Tender corruption

Portia Mlilo
DEPARTMENT OF BASIC EDUCATION HEAD OF PROCUREMENT UNIT: Thabo Mapheka

The Department of Education’s Procurement Unit is struggling to account for P17,792,975 splashed out on a textbook tender over two years ago.

In what could easily be the plot for a best-selling page turner, the ‘missing millions’ date back to the 2020/21 financial year and came to light when the Auditor General requested a detailed report from the Unit for audit purposes.

Seemingly unable to locate certain invoices and delivery reports relating to the tender, the Procurement Unit failed to satisfy the request, made on 10th October, 2022.

Adding to the struggle for accountability, Pearson, a publishing company said to have received P14 million of the tender, has since relocated to Cape Town, South Africa.

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The matter came to a head earlier this month, when the Director of Department of Basic Education, Bony Ntsaagae, wrote to the Head of the Procurement Unit, Thabo Mapheka, instructing her to submit the report by Friday 5th May as it was needed for the PAC and audits reports.

Meanwhile, the Auditor General’s report from 2021 shows there was a severe shortage of textbooks in the South East Region, both at primary and secondary school level.

During their checks, the audit team also found incidents of double procurement in some schools, while books valued at P893 023.36 were fully paid for but never delivered.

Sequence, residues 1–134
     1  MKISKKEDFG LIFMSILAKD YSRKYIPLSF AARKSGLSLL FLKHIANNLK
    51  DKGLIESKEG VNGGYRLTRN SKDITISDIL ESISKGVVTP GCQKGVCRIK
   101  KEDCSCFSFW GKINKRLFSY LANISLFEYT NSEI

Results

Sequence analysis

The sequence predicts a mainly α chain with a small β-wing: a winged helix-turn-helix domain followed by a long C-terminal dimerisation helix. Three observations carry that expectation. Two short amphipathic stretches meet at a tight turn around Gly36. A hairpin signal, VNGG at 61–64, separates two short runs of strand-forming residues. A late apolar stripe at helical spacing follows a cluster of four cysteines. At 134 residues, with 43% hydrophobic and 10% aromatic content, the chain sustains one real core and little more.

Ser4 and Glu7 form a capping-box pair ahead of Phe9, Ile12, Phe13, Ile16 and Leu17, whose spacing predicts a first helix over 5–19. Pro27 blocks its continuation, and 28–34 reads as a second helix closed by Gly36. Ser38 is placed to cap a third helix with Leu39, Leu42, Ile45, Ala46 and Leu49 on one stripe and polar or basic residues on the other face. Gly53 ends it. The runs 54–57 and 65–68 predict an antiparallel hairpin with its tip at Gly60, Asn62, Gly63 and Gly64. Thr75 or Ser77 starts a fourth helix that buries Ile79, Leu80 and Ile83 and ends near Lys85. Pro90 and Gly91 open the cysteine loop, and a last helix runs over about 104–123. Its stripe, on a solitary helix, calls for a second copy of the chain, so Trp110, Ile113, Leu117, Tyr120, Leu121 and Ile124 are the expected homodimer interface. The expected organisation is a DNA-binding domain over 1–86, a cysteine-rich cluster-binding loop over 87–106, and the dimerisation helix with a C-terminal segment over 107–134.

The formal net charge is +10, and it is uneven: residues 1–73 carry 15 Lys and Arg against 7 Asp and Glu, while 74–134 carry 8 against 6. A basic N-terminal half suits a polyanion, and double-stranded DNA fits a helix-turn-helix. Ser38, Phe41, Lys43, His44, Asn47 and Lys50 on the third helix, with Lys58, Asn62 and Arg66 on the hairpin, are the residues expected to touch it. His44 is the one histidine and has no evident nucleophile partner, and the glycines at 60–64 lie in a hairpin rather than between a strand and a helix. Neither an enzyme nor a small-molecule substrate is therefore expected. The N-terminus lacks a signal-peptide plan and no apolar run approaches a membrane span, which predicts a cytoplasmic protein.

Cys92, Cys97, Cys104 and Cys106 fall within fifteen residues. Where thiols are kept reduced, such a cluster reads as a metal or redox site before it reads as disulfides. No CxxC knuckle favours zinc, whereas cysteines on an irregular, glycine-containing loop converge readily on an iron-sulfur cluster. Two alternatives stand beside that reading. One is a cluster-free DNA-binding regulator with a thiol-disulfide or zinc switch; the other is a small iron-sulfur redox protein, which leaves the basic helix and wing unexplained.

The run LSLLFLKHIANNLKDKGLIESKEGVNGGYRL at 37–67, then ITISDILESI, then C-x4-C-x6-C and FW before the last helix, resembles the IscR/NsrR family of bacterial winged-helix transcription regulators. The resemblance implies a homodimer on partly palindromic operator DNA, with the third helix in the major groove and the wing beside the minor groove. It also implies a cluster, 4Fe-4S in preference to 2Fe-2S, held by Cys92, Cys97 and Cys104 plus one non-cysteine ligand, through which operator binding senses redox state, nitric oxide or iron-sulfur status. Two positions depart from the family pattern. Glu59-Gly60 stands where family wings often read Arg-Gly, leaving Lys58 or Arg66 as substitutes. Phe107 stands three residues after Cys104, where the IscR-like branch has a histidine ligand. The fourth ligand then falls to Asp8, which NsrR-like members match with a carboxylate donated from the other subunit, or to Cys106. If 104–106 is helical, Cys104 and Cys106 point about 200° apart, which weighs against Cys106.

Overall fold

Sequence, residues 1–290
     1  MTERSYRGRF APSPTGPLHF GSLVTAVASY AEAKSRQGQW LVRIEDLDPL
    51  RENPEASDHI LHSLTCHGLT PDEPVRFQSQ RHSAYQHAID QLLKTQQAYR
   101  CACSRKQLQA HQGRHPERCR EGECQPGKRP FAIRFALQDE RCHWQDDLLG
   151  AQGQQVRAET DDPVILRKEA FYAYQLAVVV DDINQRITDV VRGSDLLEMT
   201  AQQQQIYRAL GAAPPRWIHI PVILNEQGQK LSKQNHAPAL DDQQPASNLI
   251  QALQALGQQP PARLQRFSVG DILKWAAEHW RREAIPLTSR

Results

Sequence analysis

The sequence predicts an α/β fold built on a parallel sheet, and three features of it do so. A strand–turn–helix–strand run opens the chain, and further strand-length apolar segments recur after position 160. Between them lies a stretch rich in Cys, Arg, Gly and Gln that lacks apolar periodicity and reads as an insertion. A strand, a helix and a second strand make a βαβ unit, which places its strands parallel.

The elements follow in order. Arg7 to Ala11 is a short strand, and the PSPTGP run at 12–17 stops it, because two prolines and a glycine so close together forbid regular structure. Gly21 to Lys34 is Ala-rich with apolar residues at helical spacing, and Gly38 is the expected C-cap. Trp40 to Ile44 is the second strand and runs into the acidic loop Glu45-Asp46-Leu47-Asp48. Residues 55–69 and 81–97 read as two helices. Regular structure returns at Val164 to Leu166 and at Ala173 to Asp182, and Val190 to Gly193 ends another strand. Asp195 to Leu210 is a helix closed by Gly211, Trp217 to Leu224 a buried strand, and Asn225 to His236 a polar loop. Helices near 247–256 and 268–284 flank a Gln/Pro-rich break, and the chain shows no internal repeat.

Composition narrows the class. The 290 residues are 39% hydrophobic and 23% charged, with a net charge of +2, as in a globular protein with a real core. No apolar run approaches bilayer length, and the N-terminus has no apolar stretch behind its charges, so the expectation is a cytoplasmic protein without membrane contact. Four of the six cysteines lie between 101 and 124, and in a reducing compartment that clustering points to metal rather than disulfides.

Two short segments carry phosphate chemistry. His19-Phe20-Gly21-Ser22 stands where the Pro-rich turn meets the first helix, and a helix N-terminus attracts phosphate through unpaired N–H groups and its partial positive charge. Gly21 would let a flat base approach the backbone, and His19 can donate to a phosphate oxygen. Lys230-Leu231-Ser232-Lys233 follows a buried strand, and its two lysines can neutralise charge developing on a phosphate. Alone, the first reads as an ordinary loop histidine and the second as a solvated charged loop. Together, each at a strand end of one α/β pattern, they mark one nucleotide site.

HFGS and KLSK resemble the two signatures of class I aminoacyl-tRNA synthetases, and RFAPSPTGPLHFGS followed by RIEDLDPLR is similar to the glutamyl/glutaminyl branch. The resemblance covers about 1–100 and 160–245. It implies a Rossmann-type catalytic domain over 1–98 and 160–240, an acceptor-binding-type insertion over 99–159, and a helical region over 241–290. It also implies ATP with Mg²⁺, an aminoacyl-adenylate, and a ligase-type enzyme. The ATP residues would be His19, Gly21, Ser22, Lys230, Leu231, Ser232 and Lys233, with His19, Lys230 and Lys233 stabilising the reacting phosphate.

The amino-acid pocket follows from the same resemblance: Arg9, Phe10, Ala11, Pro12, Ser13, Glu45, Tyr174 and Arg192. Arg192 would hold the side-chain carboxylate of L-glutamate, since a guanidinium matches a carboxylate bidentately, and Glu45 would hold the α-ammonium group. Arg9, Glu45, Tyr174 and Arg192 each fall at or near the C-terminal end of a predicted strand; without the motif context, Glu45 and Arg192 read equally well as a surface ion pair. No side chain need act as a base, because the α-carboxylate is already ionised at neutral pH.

“We observed that in all the junior secondary schools, there was only one class set of textbooks provided for about 26 to 30 students. In an effort to alleviate the shortage, the ministry was at an advanced stage to introduce the use of e-books in schools,” reads the report.

When reached for a comment, Mapheka distanced herself from the mess, explaining her responsibility was to submit evidence not a report.

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She told The Voice she was not part of the tendering process and so was surprised when the Auditor General asked her to compile a report.

“There was a team tasked with the procurement process and distribution of books and I was not part of it,” she said.

“I wrote a letter to the acting director that, for us to find the information, give us time to visit schools around Botswana to check if the books were ever delivered and it was not approved. I decided to write to the accountant general to provide information, thinking they were given all the evidence of where the books were delivered when the payments were done. They told me they did not find all the evidence and gave me what they had. I was relying on the information that I got from other officers. We completed the report this Wednesday and we will compile it and submit to the audit team,” concluded Mapheka.

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